It’s Been Three Years Since We’ve Had a Supernova This Close

A supernova is one of the most impressive astronomical events anyone can possibly witness. Characterized by a massive explosion that takes place during the final stages of a massive star’s life (after billions of years of evolution), this sort of event is understandably quite rare. In fact, within the Milky Way Galaxy, a supernova event is likely to happen just once a century.

But within the Fireworks Galaxy (aka. the spiral galaxy NGC 6946), which is located 22 million light years from Earth and has half as many stars as our galaxy, supernovae are about ten times more frequent. On May 13th, while examining this galaxy from his home in Utah, amateur astronomer Patrick Wiggins spotted what was later confirmed to be a Type II supernova.

To break this magnificent astronomical event down, most supernova can be placed into two categories. Type I Supernovae occur when a smaller star has consumed all of its nuclear fuel, and then undergoes core collapse with the help of additional matter accreted from a nearby orbiting star. Type II Supernovae are the result of massive stars undergoing core collapse all on their own.

The confirmed supernova, “SN 2017aew”, which can be seen on the top right side of the “Fireworks Galaxy”. Click to see animation. Credit: Patrick Wiggins

In both cases, the result is a sudden and extreme increase in brightness, where the star blows off its outer layers and may become temporarily brighter than all the other stars in its galaxy. It then spends the next few months slowly fading until it becomes a white dwarf. It was while surveying the Fireworks galaxy with his own telescope that Wiggins noticed such a sudden burst in brightness, which had not been there just two nights before.

Wiggins finding was confirmed a day later (May 14th) by two experts in supernovae – Subo Dong and Krzysztof Z. Stanek, two professors from Peking University and Ohio State University, respectively. After conducting observations of their own, they determined that what Wiggins had witnessed was a Type II supernova, which has since been designated as SN 2017eaw.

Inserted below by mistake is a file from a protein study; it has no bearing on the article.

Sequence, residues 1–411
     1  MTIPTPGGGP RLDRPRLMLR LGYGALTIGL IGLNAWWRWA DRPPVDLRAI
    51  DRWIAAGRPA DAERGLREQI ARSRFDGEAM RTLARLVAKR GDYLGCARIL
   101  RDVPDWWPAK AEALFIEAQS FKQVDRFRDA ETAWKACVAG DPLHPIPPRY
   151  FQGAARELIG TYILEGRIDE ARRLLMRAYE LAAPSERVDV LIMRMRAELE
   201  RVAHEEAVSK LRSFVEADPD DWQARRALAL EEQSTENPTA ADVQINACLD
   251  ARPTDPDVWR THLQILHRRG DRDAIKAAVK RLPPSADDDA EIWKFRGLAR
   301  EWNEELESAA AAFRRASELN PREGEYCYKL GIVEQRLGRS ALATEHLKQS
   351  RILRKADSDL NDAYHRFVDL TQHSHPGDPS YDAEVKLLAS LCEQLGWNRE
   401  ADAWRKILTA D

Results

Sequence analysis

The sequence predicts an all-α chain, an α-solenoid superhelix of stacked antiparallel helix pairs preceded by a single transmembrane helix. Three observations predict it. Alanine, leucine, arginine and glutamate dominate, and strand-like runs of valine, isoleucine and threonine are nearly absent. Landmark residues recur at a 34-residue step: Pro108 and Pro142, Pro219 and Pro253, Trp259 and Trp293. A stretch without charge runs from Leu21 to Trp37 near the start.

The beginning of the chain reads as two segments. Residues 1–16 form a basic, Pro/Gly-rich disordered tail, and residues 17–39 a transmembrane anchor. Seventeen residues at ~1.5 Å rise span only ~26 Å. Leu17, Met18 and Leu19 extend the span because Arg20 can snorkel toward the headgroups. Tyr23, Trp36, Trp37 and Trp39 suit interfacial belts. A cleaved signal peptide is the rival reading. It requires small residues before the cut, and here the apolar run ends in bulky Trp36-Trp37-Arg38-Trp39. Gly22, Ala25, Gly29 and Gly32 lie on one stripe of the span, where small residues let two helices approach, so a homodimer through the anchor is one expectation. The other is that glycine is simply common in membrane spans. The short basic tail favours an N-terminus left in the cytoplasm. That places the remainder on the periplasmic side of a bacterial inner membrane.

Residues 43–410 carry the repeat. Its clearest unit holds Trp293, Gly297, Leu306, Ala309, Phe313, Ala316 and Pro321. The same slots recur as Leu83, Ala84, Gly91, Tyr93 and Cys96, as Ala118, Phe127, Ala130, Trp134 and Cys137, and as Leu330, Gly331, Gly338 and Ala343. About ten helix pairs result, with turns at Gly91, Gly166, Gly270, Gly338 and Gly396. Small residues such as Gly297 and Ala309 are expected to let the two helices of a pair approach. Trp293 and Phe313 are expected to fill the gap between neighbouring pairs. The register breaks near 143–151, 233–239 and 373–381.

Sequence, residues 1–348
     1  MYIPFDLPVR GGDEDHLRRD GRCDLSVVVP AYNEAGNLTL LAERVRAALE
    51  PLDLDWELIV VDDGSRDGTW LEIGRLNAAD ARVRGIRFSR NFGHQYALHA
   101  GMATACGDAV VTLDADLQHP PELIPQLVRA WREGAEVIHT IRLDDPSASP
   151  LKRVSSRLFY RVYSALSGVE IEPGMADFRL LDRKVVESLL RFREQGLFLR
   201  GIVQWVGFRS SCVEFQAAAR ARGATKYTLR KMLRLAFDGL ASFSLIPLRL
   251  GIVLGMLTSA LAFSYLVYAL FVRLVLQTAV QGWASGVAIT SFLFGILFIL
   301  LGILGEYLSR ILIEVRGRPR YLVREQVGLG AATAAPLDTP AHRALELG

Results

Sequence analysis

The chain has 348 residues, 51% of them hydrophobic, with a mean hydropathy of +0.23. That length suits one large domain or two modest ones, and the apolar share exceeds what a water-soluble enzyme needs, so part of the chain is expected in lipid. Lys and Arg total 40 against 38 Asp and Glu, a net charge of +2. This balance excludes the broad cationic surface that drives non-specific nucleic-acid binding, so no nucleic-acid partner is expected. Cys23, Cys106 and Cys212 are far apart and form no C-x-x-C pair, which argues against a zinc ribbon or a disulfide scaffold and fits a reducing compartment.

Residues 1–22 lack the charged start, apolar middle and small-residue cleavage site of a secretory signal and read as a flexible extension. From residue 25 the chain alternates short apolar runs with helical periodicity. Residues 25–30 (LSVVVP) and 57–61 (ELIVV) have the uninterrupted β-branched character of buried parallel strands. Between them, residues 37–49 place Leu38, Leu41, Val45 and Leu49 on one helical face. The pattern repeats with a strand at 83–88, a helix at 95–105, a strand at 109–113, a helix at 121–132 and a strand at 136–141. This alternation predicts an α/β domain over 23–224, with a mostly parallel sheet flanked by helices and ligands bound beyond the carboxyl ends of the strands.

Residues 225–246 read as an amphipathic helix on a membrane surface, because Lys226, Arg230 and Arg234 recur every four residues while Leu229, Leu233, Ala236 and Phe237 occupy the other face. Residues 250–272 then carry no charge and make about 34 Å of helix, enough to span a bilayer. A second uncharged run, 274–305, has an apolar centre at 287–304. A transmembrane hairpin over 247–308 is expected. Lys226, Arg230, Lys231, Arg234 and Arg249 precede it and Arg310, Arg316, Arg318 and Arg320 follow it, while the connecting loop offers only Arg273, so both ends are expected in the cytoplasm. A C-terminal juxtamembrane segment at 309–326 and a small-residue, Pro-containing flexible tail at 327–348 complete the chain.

In addition to being an amateur astronomer, Patrick Wiggins is also the public outreach educator for the University of Utah’s Department of Physics & Astronomy and the NASA Solar System Ambassador to Utah. This supernova, which was the third Wiggins has observed in his lifetime, is also the closest to Earth in three years, being about 22 million light years from Earth.

The last time a supernova was observed exploding this close to Earth was on January 22nd, 2014. At the time, students at the University of London Observatory spotted an exploding star (SN 2014J) in the nearby Cigar Galaxy (aka. M82), which is located around 12 million light years away. This was the closest supernova to be observed in recent decades.

Animation showing a comparison between M82 on Jan. 22nd, 2014 Nov. 22nd, 2013. Credit: E. Guido/N. Howes/M. Nicolini

As such, the observation of a supernova at a comparatively close distance to Earth just three years later is a pretty impressive feat. And it is an additional feather in the cap of an amateur astronomer whose resume is already quite impressive! Besides the three supernova he was observed, Wiggins has received many accolades over the years for his contributions to astronomy.

These include the Distinguished Public Service Medal, which is the highest civilian honor NASA can bestow. In addition, he discovered an asteroid in 2008 which the IAU – at Wiggin’s request – officially named “Univofutah”, in honor of the University of Utah. He is also a member of the Phun with Physics team, which provides free scientific lessons at the Natural History Museum of Utah.

Further Reading: University of Utah UNews

Supernova’s Galaxy Full Of Starbursts and ‘Superwind’

Radio light, radio bright: when you look at M82 in this frequency range, a whole lot of activity pops out. The “Cigar Galaxy” is just 12 million light-years away from Earth and these days, is best known for hosting a supernova or star explosion so bright that amateurs can spot it in a small telescope.

Take a big radio telescope and peer at the galaxy’s center, and a violent picture emerges. Bright star nurseries and supernova leftovers are visible in this image from the Karl G. Jansky Very Large Array (the scientists can tell those apart using other data from the telescope.)

“The radio emission seen here is produced by ionized gas and by fast-moving electrons interacting with the interstellar magnetic field,” the National Radio Astronomy Observatory stated.

Most intriguing to scientists in this picture are the streamers of material in this area of M82, which is about 5,200 light-years across in the pictured central region. These previously undetected “wispy features” could be related to “superwind” coming from all this stellar activity, but scientists are still examining the link.

By the way, Supernova SN 2014J is not visible in this image because it is not active in radio waves. You can check out optical pictures of it, however, at this past Universe Today story.

Source: National Radio Astronomy Observatory